Under the newspaper's "Almanac" heading recently, I noticed that Alexander Graham Bell had received a patent for the first telephone on that date years ago.
A computer search revealed that he beat Elisha Gray by hours. Since this all happened in 1876, it appears the beast is here to stay, Actually, there are several such beasts in my house -- some attached by a cord, some not. One even has a dial and frayed wires behind it, tacked to a cellar support beam.
But back in the 1940s, when I was in high school, the telephone was one of those things that everybody had -- except my family. My father refused to pay money for something he said we didn't need, as we could walk to a neighbor's, pay them a dime and make any really important phone calls, such as for a dental appointment. He must have known, ahead of his time, about teenagers who believe they need to spend hours on the phone -- and this was before cell phones (another story for another day).
My grandmother, some 10 miles away in West Deer, had a phone on her farm kitchen wall. It was an interesting contraption that rang combinations of long and short rings, which were signals to pick up the ear piece to find out what was happening down in one of the coal mines or just to "listen." Her "ring" was 2-2, meaning two long rings, then two short.
In Hampton, where I lived, there were many "party" lines, but we couldn't hear the other phones ringing, so the entertainment value was somewhat lessened. But still, to pick up the one-piece receiver to make a call and hear the neighbors talking -- that was fair game!
My father would not pay for that privilege, however. Any baby-sitting jobs of mine had to be acquired by families calling our long-suffering neighbor and then waiting for me to be contacted and getting back to them to accept or refuse.
There was a war on, my dad said, and copper and other metals were needed elsewhere instead of being used on a phone for us.
That's when I found out that we lived on the edge of the franchise territory; neighbors and friends to our south were Bell Telephone subscribers and we could use them to call our dentist from there, but neighbors to the north were customers of the former North Pittsburgh Phone Co., which could be used to contact Grandma free of charge.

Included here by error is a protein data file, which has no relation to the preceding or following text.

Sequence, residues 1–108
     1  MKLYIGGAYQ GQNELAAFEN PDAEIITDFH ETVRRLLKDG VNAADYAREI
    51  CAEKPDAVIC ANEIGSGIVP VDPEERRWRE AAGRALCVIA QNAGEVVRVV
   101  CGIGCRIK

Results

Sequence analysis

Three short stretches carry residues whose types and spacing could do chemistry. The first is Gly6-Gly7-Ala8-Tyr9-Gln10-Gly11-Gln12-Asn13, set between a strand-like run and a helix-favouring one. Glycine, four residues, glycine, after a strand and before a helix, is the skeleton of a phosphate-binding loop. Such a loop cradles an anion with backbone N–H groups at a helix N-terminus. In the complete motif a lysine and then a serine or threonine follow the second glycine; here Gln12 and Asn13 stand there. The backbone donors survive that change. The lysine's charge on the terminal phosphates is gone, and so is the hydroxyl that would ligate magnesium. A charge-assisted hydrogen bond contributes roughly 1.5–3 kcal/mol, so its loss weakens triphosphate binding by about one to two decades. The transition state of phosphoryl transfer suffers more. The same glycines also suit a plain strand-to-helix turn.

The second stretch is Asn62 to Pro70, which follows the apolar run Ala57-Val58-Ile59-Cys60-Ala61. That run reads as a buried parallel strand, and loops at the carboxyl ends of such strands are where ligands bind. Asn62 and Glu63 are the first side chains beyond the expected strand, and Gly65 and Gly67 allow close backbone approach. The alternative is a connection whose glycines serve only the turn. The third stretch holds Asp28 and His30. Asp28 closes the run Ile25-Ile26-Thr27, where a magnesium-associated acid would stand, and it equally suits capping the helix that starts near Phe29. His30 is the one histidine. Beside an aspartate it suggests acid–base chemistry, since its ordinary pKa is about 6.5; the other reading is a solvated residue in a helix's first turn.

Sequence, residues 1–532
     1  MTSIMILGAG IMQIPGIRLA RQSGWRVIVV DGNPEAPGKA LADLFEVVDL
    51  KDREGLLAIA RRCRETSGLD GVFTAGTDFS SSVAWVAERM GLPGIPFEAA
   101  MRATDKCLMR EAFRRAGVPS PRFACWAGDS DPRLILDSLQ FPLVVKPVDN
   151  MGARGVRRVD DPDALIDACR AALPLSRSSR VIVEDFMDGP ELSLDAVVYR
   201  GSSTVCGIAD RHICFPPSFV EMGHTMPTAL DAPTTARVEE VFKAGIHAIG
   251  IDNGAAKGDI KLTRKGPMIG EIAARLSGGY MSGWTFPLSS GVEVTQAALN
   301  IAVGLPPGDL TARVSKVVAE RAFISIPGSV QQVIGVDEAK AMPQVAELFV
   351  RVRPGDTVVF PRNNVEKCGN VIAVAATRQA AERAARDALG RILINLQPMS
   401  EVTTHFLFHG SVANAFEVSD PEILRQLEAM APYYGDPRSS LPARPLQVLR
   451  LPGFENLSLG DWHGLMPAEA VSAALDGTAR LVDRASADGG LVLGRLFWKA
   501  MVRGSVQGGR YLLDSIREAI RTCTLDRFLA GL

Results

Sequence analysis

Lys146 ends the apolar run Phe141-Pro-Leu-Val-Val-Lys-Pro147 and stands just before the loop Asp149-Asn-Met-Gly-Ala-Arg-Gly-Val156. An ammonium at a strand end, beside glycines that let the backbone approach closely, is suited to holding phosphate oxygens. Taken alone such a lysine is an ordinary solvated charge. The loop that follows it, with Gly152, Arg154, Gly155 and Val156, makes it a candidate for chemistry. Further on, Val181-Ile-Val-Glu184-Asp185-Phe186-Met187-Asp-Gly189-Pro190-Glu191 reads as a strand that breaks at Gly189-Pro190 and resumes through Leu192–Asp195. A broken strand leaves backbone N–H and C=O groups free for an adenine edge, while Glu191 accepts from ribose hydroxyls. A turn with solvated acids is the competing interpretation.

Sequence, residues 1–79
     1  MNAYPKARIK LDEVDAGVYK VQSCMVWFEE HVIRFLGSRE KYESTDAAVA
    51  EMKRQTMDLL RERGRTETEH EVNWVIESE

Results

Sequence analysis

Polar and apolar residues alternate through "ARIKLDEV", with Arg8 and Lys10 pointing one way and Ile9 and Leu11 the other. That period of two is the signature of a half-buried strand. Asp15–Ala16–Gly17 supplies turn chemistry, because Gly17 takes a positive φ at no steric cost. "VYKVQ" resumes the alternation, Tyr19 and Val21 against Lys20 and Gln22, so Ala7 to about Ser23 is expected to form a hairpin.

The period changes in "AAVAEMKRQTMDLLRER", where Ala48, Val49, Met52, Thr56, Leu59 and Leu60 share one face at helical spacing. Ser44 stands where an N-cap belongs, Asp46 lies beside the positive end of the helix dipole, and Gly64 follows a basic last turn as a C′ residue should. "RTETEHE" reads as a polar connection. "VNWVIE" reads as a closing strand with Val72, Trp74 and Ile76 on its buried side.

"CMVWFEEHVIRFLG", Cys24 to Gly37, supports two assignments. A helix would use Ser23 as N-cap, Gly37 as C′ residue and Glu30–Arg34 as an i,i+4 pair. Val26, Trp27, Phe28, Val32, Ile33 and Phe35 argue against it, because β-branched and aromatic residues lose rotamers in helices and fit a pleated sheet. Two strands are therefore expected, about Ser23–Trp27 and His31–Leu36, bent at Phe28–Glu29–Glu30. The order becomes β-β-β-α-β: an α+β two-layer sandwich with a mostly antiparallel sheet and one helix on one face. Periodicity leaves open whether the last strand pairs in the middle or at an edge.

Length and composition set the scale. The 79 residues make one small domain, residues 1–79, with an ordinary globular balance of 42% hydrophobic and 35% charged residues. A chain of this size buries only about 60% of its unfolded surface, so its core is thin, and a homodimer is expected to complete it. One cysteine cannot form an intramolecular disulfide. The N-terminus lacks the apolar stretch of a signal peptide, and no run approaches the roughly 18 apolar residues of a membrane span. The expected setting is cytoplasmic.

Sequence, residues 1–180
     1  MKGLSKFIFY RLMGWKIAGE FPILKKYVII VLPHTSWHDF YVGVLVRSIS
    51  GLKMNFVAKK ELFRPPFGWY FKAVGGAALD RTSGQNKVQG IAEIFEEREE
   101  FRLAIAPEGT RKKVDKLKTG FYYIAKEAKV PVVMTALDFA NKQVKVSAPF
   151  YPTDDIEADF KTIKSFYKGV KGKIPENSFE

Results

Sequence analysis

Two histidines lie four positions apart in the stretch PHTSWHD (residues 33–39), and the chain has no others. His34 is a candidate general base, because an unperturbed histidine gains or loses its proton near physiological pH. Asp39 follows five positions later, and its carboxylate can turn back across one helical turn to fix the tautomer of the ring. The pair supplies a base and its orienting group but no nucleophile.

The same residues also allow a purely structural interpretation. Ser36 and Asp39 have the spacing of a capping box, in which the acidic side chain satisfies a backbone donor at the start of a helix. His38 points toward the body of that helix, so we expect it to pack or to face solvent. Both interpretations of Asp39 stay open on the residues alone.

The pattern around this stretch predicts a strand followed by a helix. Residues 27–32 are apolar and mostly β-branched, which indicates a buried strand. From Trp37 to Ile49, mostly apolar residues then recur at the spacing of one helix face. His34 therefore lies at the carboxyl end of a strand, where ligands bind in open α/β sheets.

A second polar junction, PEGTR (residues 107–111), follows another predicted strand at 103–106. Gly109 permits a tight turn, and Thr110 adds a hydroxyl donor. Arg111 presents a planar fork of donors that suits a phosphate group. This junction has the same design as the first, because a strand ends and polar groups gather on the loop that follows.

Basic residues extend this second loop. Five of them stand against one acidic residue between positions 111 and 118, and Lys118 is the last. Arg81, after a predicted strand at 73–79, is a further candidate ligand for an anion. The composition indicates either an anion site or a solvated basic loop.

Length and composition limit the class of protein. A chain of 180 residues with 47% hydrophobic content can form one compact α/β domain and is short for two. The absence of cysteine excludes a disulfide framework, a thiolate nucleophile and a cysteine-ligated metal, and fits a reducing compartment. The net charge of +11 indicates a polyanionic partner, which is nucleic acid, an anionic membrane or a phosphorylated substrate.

Once I earned some money baby-sitting, my first purchase was an old Underwood typewriter -- bought for $5, I think, from a retired teacher. My career as a writer was ready to begin (and end) with a letter to that mysterious corporation, Bell, offering to pay for the extra copper wire needed to extend its territory from the last house to ours, just beyond the franchise limits. Surely, this letter would bring us a phone!
I watched for a response via the little red signal flag on the mailbox for months, and eventually, I think I did get a stock answer thanking me for my interest. It cited franchise rules and the war effort regarding copper wiring, while offering no promise of a phone.
Would anyone really read the letter today, I wonder, or would a computer even bother to spit out an impersonal answer?
I've spent hours recently trying to reach knowledgeable people from the successor to that phone company, explaining that all I want or need now are the basic functions of a phone, computer Internet service and a television set. I don't need wireless gadgets in every room and in my purse while getting hundreds of television channels and constant sales messages hounding me on any screen.
I've found out, however, that it is probably not possible to live so simply. And so I wonder, am I finally becoming my father's daughter? And was he right, after all?intelligencer
Garnet Roth of Baldwin Borough, a retired secretary, can be reached at email@example.com.The PG Portfolio welcomes "Storytelling" submissions and other reader essays. Send your writing to firstname.lastname@example.org; or by mail to Portfolio, Post-Gazette, 34 Blvd. of the Allies, Pittsburgh PA 15222. Portfolio editor Gary Rotstein may be reached at 412-263-1255.Tony Norman is off today.